EFF Fighting Crook Over DMCA

    November 2, 2006
    WebProNews Staff

The potential for misuse of the Digital Millennium Copyright Act reared its head again as a controversial figure has used it to force the takedown of a Fox News screen capture of his image from a pair of websites.

To channel the spirit of Howard Beale in “Network,” the Electronic Frontier Foundation is mad as hell and they aren’t going to take it any more. They have followed up their fight against one company for abusing the DMCA by stepping in on behalf of another client.

This time, the EFF has targeted Michael Crook, purveyor of fake personal ads on the classifieds site Craigslist. Crook would assemble the information provided by men responding to what they thought was a woman seeking a casual encounter and post it on a site called Craigslist-Perverts.org.

Jeff Diehl, editor of the site 10 Zen Monkeys, published an article that criticized Crook. The article also included a photo of Crook; that photo was a screen cap of Crook being interviewed on Fox’s Hannity & Colmes.

Crook responded by forcing Diehl off of two web hosts with DMCA requests for the image to be taken down for copyright infringement. EFF has characterized both of those DMCA uses as bogus.

“This is yet another case of someone intentionally misusing copyright law to try to shut down legitimate debate on an issue of public interest,” said EFF Staff Attorney Jason Schultz. “Crook certainly doesn’t own the copyright to the news footage — Fox News does. Furthermore, a still shot of that footage, used as part of a commentary on the controversy surrounding him, is clearly a fair use. It’s hypocritical for such an outspoken figure like Crook to attack other speakers just because they disagree with him.”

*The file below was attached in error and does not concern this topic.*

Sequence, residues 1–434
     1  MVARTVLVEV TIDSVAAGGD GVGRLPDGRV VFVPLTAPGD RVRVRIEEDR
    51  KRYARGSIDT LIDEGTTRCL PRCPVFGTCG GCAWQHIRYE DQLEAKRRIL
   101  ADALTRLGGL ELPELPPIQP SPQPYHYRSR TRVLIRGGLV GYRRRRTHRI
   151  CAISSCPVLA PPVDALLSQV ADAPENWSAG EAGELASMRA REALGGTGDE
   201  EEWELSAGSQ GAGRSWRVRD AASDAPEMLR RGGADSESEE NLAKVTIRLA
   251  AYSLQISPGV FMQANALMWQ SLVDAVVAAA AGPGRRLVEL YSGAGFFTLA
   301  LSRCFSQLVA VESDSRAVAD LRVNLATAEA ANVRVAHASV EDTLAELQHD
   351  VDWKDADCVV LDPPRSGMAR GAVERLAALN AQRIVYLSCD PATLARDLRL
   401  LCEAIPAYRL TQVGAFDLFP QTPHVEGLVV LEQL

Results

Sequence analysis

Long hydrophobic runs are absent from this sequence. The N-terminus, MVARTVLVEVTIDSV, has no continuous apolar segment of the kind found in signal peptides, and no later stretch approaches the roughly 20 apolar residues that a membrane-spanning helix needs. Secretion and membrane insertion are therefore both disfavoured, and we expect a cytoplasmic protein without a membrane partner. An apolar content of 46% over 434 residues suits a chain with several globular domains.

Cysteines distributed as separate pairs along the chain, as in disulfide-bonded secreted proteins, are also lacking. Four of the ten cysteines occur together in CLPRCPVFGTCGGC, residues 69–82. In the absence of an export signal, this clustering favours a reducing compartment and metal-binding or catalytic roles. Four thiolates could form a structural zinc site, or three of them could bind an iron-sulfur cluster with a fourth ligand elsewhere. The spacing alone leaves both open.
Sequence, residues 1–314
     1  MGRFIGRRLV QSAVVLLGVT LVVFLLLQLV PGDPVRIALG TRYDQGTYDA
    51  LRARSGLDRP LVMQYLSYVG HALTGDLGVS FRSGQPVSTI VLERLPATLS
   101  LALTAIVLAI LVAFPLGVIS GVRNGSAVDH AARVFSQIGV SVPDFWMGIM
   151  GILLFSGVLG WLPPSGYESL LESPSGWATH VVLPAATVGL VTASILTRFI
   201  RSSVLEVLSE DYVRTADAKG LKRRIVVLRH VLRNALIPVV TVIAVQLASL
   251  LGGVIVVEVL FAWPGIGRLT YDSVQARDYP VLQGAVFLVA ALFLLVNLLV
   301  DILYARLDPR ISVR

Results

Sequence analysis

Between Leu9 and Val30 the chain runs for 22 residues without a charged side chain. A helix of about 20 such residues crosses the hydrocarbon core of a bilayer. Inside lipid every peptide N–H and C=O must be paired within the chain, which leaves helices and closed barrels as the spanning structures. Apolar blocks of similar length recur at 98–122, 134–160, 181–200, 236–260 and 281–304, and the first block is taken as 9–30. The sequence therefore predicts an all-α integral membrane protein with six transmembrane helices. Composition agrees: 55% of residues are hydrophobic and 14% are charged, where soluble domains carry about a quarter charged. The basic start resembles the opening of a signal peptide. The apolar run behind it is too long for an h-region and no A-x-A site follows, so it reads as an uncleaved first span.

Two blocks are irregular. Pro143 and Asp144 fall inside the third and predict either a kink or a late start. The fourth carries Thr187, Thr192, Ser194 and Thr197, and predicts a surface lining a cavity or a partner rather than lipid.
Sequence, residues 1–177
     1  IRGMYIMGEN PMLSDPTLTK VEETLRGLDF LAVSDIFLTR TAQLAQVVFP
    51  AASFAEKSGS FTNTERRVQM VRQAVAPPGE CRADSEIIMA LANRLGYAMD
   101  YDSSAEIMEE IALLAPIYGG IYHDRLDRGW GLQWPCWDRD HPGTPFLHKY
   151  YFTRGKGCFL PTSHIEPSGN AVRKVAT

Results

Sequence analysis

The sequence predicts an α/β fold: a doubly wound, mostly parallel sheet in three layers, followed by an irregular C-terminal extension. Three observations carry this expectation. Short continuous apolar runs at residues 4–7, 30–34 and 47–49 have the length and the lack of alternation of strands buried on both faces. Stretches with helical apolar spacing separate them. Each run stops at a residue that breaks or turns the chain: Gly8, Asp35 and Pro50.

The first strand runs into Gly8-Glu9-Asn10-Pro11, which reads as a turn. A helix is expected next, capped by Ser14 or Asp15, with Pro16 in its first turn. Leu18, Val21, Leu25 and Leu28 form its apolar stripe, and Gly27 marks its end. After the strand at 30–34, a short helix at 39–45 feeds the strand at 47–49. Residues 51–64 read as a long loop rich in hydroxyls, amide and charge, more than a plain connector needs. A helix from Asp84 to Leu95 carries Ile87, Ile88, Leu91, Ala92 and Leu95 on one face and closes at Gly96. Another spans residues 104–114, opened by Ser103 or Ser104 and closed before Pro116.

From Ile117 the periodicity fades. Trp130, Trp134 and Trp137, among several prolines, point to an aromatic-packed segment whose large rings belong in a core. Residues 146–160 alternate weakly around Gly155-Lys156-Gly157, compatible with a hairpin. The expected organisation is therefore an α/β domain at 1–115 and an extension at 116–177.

The problem comes from the DMCA “safe harbor” provision. An Internet service provider can stay within the bounds of safe harbor by immediately taking down content questioned with a DMCA request. EFF considers Crook’s actions “intimidation,” and they are seeking damages from Crook for Diehl’s financial and personal expenses.

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David Utter is a staff writer for WebProNews covering technology and business.